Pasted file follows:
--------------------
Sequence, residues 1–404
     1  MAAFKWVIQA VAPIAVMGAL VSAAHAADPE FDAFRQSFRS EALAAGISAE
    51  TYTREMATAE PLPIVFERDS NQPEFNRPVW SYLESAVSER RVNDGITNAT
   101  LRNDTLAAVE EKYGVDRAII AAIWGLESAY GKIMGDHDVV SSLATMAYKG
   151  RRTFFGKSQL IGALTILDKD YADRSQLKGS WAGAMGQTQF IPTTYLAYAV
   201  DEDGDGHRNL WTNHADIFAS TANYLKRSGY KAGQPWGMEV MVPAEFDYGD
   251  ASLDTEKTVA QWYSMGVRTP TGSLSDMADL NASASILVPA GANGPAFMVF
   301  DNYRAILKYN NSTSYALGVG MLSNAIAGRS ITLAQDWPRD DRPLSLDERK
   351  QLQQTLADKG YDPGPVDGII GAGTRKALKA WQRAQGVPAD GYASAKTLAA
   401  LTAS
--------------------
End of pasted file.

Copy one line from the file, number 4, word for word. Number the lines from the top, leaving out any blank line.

   101  LRNDTLAAVE EKYGVDRAII AAIWGLESAY GKIMGDHDVV SSLATMAYKG